The white stone given has upon it our new name, encompassing in it the victory that the Lord has carried us. That name, which will be unique to each believer, is given directly by the Savior. The old will be set aside and eclipsed by the new identity that the Lord eternally imparts to each of us. A new name that we will instantly recognize, know, and embrace will show us that the Lord knew the whole time the difficult race that we were running. Just as a trophy or medal identifies the event, so will this new name.

One day our name will be changed by the Lord Jesus. This new name will reflect the fiery trials we endured in life, while giving us entrance into eternal life. So let us run our race, looking to Jesus, knowing He holds a glorious prize.

Today’s Bible Reading:  Revelation 2:12-17;  Hebrews 12:1-2;  1 Corinthians 9:24-27

Saul to Paul

Pastor Josh Combs

“But Saul, who was also called Paul, filled with the Holy Spirit, looked intently at him.” Acts 13:9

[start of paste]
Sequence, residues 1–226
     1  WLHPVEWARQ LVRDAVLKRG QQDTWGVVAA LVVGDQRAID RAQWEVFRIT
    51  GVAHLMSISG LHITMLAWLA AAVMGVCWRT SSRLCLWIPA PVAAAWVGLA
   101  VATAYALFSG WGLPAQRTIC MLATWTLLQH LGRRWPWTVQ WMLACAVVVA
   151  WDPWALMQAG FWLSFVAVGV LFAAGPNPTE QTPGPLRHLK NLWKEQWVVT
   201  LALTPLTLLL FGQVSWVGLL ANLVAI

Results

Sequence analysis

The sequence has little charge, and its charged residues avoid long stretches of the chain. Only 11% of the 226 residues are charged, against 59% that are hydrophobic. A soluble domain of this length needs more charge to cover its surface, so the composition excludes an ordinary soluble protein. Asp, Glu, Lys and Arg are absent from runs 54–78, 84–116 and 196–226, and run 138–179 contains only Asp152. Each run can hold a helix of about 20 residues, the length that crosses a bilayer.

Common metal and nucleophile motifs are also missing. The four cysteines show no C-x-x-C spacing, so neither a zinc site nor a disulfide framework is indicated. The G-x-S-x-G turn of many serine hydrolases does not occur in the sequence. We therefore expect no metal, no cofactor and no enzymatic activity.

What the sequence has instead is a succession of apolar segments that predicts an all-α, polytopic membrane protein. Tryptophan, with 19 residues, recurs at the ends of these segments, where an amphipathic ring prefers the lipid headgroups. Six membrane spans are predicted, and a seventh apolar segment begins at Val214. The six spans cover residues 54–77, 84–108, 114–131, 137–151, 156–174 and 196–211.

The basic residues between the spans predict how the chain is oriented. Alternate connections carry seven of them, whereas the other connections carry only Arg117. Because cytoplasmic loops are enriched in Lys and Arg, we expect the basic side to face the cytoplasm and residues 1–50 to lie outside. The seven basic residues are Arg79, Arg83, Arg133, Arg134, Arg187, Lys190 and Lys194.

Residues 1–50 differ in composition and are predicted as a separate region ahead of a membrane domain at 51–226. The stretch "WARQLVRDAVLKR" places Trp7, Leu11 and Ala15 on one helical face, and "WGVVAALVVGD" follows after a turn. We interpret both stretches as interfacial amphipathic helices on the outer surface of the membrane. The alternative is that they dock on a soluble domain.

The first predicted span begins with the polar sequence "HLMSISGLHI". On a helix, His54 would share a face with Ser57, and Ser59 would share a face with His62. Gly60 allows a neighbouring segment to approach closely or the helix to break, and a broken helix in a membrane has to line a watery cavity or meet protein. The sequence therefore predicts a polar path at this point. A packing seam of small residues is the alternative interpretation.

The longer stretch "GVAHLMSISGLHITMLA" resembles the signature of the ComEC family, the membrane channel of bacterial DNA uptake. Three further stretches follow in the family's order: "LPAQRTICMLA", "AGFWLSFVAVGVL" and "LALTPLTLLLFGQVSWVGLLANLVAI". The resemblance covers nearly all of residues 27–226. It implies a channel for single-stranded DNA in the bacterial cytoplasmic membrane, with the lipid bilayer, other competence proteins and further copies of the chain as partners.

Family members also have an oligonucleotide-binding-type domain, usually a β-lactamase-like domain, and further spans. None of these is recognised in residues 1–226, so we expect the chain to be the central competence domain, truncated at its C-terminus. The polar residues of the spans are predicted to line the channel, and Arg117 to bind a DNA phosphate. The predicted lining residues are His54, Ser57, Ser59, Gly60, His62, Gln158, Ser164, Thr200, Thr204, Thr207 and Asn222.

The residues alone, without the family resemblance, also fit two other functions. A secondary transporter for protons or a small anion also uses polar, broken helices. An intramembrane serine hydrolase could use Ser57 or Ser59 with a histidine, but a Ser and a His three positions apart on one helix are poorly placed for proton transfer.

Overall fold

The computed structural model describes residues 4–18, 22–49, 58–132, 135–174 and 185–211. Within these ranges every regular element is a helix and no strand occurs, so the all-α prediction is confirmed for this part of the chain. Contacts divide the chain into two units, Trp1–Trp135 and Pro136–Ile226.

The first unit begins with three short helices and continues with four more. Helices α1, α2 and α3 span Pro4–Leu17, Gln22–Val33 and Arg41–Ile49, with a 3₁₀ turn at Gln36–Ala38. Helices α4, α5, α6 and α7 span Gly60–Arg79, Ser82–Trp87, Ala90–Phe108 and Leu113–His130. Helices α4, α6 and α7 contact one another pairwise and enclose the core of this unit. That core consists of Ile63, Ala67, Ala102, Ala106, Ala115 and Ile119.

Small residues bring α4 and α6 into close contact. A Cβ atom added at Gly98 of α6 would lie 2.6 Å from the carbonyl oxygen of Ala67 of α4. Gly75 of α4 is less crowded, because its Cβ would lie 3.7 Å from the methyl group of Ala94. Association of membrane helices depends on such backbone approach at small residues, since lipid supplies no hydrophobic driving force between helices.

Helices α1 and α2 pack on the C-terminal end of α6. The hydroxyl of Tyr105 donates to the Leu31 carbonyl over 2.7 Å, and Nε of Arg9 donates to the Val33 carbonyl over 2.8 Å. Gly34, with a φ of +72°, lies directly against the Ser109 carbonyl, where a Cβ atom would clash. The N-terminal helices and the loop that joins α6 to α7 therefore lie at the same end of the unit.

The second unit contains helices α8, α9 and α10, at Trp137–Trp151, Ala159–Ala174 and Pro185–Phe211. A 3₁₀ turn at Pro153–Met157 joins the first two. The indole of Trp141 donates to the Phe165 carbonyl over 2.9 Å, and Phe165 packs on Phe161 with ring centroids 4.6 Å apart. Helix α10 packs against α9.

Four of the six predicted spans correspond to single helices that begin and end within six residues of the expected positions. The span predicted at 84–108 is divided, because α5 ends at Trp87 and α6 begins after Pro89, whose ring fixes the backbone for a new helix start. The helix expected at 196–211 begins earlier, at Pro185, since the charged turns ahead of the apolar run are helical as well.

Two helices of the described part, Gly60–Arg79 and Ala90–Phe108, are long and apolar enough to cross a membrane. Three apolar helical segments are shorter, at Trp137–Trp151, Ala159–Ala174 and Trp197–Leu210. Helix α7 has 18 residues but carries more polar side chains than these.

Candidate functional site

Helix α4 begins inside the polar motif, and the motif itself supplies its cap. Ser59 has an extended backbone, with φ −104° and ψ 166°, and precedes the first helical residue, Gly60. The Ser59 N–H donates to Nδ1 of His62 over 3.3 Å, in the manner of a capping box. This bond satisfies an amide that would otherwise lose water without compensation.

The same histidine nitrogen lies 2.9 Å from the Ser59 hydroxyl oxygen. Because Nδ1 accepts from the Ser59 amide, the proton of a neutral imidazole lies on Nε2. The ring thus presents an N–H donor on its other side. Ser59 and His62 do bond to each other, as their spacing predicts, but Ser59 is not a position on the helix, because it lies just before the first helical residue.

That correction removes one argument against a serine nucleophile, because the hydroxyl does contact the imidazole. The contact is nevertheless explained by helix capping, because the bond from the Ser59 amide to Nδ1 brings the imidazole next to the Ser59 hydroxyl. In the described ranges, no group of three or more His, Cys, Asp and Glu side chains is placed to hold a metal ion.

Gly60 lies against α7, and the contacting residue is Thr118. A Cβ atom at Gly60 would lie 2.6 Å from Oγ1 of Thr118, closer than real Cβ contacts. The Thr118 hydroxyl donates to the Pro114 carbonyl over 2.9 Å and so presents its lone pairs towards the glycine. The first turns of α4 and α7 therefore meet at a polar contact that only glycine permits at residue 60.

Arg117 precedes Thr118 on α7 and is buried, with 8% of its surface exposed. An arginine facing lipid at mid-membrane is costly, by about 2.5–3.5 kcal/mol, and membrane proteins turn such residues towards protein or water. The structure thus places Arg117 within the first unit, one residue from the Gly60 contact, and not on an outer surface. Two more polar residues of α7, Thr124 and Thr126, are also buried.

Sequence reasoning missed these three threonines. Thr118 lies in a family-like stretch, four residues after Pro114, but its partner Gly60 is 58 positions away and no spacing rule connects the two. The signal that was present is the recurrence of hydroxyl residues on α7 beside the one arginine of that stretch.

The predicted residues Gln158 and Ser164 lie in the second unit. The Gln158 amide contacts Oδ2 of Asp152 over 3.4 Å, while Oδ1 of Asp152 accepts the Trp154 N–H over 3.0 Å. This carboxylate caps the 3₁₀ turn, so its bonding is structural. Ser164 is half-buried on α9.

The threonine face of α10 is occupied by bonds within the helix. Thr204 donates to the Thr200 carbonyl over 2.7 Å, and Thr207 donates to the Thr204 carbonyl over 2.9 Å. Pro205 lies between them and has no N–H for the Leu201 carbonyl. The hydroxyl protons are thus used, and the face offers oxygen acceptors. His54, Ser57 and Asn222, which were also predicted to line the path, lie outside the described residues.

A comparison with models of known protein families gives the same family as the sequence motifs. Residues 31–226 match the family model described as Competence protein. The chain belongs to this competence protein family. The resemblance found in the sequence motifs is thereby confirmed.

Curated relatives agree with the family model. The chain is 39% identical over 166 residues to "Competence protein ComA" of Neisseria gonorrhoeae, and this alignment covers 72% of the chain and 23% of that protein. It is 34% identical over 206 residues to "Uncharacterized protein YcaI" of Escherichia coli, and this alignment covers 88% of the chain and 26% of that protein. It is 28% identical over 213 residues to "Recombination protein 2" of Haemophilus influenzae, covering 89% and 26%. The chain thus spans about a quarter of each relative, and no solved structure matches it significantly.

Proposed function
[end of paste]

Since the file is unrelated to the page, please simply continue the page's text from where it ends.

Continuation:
Arguably the most dramatic conversion recorded in all of the Scripture is that of Saul of Tarsus on the road to Damascus. Saul was, in his own words, “advancing in Judaism beyond many of [his] own age…” (Galatians 1:14). He was a Roman citizen, an extremely well-educated Jewish scholar, and bore the name of the most prominent member of his tribe, King Saul of the Old Testament. What appears to rocket Saul to fame among his Jewish colleagues was his vicious hatred for Christians. Saul’s first appearance in Scripture portrays him as the authorizing force, standing watch over the brutal execution of a Christian named Stephen. “Saul,” the Bible says, “approved of his execution” (Acts 8:1). It is as if Stephen’s execution was blood in the water for a shark. Immediately following Stephen’s death, Saul is even more aggressively persecuting the church. “Saul was ravaging the church, and entering house after house, he dragged off men and women and committed them to prison” (8:3).

On a mission to hunt, arrest, and imprison more Christians, Saul’s life was completely changed. A blinding light encompassed Saul, and the voice of Jesus from the glory of Heaven spoke to the early church’s most vicious enemy. “Saul, Saul,” Jesus said, “Why are you persecuting me?”

“Who are you?” Saul responds.